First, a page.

Dermatan sulfate in tunicate phylogeny: Order-specific sulfation pattern and the effect of [→4IdoA(2-Sulfate)β-1→3GalNAc(4-Sulfate)β-1→] motifs in dermatan sulfate on heparin cofactor II activity
- Equal contributors
1 Laboratório de Bioquímica e Biologia Celular de Glicoconjugados, Hospital Universitário Clementino Fraga Filho and Programa de Glicobiologia, Instituto de Bioquímica Médica, Universidade Federal do Rio de Janeiro, Rio de Janeiro, RJ 21941-913, Brasil
2 Department of Anatomy, Cellular Biology, Physiology and Biophysics, Instituto de Biologia, Universidade Estadual de Campinas, São Paulo, Brasil
3 Laboratório de Ecologia Animal, Instituto de Ciências do Mar, Universidade Federal do Ceará, Av. Abolição 3207, Fortaleza, CE, 60165-081, Brasil
4 Department of Biochemistry, Kobe Pharmaceutical University, Kobe 658-8558, Japan
5 Glycobiology Unit, Tumor Microenvironment Program, Cancer Research Center, Sanford-Burnham Institute for Medical Research, 10901 North Torrey Pines Road, La Jolla, California 92037, USA
6 Laboratory of Proteoglycan Signaling and Therapeutics, Hokkaido University Graduate School of Life Science, Frontier Research Center for Post-Genomic Science and Technology Graduate, Sapporo 001-0021, Japan
BMC Biochemistry 2011, 12:29 doi:10.1186/1471-2091-12-29Published: 29 May 2011
Previously, we have reported the presence of highly sulfated dermatans in solitary ascidians from the orders Phlebobranchia (Phallusia nigra) and Stolidobranchia (Halocynthia pyriformis and Styela plicata). Despite the identical disaccharide backbone, consisting of [→4IdoA(2S)β-1→3GalNAcβ-1→], those polymers differ in the position of sulfation on the N-Acetyl galactosamine, which can occur at carbon 4 or 6. We have shown that position rather than degree of sulfation is important for heparin cofactor II activity. As a consequence, 2,4- and 2,6-sulfated dermatans have high and low heparin cofactor II activities, respectively. In the present study we extended the disaccharide analysis of ascidian dermatan sulfates to additional species of the orders Stolidobranchia (Herdmania pallida, Halocynthia roretzi) and Phlebobranchia (Ciona intestinalis), aiming to investigate how sulfation evolved within Tunicata. In addition, we analysed how heparin cofactor II activity responds to dermatan sulfates containing different proportions of 2,6- or 2,4-disulfated units.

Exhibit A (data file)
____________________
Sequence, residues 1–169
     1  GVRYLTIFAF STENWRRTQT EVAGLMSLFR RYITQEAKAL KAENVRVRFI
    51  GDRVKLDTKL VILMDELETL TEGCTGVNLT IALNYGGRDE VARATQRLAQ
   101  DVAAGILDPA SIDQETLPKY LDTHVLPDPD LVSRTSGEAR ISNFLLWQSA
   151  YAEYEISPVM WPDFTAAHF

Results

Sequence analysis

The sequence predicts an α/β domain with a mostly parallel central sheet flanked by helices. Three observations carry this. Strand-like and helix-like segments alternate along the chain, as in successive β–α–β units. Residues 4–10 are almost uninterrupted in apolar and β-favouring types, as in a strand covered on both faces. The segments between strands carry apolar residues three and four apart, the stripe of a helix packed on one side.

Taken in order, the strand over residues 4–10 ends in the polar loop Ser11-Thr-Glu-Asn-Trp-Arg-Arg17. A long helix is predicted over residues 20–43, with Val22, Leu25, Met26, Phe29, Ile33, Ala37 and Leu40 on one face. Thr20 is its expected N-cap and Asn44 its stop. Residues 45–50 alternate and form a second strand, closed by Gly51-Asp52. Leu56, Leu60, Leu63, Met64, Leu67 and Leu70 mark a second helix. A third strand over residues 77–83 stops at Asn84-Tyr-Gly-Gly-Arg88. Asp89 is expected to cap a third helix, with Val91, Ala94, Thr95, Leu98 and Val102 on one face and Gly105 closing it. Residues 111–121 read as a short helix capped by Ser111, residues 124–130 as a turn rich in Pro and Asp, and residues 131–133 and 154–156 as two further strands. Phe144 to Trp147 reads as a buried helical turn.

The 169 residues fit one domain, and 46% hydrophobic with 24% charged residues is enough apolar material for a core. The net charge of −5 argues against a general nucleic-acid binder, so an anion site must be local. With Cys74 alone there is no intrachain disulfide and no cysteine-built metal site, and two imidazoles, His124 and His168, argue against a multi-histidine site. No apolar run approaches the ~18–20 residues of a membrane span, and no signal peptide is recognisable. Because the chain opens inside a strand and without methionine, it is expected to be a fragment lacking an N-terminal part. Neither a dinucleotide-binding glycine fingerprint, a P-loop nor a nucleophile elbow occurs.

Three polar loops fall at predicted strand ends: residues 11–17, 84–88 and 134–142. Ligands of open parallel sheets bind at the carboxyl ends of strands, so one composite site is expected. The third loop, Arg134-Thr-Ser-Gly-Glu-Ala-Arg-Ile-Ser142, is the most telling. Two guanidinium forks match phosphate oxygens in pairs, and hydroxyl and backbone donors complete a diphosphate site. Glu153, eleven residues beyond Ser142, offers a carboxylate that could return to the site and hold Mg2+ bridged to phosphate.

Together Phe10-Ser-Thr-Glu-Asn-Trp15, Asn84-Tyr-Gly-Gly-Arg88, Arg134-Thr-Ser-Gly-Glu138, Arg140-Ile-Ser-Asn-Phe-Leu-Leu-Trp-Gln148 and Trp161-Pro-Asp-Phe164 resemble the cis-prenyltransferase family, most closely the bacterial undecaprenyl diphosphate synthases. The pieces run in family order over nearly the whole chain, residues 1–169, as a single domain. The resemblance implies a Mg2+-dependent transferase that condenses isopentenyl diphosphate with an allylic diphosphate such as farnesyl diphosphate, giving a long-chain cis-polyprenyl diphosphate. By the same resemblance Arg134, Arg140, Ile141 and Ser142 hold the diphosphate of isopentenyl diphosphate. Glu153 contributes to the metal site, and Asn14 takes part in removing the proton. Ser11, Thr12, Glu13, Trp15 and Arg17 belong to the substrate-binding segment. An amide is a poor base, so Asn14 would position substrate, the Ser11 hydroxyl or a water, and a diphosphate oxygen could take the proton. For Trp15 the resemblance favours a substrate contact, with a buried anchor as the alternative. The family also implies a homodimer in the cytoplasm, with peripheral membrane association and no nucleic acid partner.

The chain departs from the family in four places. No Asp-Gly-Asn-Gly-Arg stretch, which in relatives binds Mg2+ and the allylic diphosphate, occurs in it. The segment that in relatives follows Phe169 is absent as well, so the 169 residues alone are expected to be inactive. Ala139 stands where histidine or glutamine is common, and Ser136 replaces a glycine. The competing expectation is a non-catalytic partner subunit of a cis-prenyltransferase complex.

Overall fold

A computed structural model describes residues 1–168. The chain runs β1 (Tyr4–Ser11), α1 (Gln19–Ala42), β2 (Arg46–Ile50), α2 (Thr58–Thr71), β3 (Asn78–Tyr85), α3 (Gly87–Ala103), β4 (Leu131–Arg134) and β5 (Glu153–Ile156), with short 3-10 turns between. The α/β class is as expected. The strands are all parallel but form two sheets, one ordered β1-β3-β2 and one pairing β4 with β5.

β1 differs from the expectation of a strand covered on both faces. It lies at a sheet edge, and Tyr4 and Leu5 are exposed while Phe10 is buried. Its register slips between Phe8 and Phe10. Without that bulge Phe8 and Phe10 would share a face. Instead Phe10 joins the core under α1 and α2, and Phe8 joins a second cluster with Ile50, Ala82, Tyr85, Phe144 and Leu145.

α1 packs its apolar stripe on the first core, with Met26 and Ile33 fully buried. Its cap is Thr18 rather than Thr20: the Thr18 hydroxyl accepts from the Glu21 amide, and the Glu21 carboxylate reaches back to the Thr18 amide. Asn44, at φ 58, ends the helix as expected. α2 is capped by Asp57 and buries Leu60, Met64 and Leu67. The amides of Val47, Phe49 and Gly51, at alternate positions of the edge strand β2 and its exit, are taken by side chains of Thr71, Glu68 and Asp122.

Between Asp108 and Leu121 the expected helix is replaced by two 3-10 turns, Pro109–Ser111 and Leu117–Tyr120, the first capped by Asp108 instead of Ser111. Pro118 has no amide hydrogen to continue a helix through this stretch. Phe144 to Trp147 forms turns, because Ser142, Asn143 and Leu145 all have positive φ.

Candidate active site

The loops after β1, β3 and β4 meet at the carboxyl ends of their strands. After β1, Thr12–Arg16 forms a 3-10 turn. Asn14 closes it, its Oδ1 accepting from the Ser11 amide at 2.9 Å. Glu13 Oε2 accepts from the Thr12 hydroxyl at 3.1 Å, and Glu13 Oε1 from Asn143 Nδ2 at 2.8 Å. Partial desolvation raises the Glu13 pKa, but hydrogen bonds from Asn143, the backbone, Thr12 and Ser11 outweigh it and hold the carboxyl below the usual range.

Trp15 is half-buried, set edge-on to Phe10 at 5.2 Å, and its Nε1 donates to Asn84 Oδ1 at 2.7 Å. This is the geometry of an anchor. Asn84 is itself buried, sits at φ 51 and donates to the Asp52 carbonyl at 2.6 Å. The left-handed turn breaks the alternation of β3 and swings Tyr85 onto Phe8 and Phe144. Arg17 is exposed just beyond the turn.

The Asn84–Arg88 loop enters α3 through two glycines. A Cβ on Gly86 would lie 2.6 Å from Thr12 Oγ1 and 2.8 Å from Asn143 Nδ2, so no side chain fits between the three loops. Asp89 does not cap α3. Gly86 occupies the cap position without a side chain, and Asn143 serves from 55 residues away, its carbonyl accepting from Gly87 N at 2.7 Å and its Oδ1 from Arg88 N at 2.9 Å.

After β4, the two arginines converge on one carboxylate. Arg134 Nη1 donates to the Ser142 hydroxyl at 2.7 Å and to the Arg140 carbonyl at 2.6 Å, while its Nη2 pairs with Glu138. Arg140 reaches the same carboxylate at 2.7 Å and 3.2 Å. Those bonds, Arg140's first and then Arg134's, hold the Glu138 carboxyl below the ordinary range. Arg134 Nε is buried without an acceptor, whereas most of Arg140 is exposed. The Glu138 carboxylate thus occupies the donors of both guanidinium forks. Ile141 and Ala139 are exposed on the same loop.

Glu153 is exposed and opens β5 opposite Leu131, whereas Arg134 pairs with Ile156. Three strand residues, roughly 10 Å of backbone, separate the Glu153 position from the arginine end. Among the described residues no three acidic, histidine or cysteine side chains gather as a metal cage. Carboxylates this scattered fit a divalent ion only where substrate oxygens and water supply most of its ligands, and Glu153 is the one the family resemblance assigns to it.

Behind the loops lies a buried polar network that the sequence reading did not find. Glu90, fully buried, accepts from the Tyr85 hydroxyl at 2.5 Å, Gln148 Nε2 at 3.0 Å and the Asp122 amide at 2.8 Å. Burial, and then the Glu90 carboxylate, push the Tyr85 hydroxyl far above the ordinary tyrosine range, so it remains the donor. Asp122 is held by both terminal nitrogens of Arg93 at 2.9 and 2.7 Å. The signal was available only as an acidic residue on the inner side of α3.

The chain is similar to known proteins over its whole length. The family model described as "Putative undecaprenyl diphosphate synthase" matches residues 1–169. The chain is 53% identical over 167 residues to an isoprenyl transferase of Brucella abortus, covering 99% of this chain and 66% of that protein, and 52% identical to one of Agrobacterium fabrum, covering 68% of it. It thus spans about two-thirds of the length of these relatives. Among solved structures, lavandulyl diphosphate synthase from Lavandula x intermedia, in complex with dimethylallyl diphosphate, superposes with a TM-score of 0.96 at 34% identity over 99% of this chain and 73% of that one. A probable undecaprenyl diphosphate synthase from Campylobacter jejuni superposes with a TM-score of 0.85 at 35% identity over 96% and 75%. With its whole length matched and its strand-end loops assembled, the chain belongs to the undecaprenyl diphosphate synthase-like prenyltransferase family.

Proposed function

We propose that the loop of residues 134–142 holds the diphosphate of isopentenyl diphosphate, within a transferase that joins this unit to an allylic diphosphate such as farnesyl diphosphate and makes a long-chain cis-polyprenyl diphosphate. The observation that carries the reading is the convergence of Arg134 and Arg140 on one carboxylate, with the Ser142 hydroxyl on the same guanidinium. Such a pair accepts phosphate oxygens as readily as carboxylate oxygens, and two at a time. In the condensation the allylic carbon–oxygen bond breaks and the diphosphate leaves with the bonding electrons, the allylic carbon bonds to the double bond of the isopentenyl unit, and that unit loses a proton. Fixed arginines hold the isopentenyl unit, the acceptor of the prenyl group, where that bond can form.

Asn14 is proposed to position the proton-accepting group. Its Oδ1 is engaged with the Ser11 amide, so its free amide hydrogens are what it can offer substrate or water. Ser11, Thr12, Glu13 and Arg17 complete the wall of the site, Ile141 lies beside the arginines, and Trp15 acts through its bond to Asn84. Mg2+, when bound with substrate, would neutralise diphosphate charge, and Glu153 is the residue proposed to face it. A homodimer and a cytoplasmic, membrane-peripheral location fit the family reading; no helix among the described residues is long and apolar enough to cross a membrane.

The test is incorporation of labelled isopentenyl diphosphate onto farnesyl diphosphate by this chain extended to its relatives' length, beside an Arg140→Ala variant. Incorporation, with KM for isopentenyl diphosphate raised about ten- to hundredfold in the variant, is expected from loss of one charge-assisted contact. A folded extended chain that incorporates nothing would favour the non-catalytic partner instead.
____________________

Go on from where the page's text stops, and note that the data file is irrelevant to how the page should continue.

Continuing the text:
Disaccharide analyses indicated a high content of disulfated disaccharide units in the dermatan sulfates from both orders. However, the degree of sulfation decreased from Stolidobranchia to Phlebobranchia. While 76% of the disaccharide units in dermatan sulfates from stolidobranch ascidians are disulfated, 53% of disulfated disaccharides are found in dermatan sulfates from phlebobranch ascidians. Besides this notable difference in the sulfation degree, dermatan sulfates from phlebobranch ascidians contain mainly 2,6-sulfated disaccharides whereas dermatan sulfate from the stolidobranch ascidians contain mostly 2,4-sulfated disaccharides, suggesting that the biosynthesis of dermatan sulfates might be differently regulated during tunicates evolution. Changes in the position of sulfation on N-acetylgalactosamine in the disaccharide [→4IdoA(2-Sulfate)β-1→3GalNAcβ-1→] modulate heparin cofactor II activity of dermatan sulfate polymers. Thus, high and low heparin cofactor II stimulating activity is observed in 2,4-sulfated dermatan sulfates and 2,6-sulfated dermatan sulfates, respectively, confirming the clear correlation between the anticoagulant activities of dermatan sulfates and the presence of 2,4-sulfated units.
Our results indicate that in ascidian dermatan sulfates the position of sulfation on the GalNAc in the disaccharide [→4IdoA(2S)β-1→3GalNAcβ-1→] is directly related to the taxon and that the 6-O sulfation is a novelty apparently restricted to the Phlebobranchia. We also show that the increased content of [→4IdoA(2S)β-1→3GalNAc(4S)β-1→] disaccharide units in dermatan sulfates from Stolidobranchia accounts for the increased heparin cofactor II stimulating activity.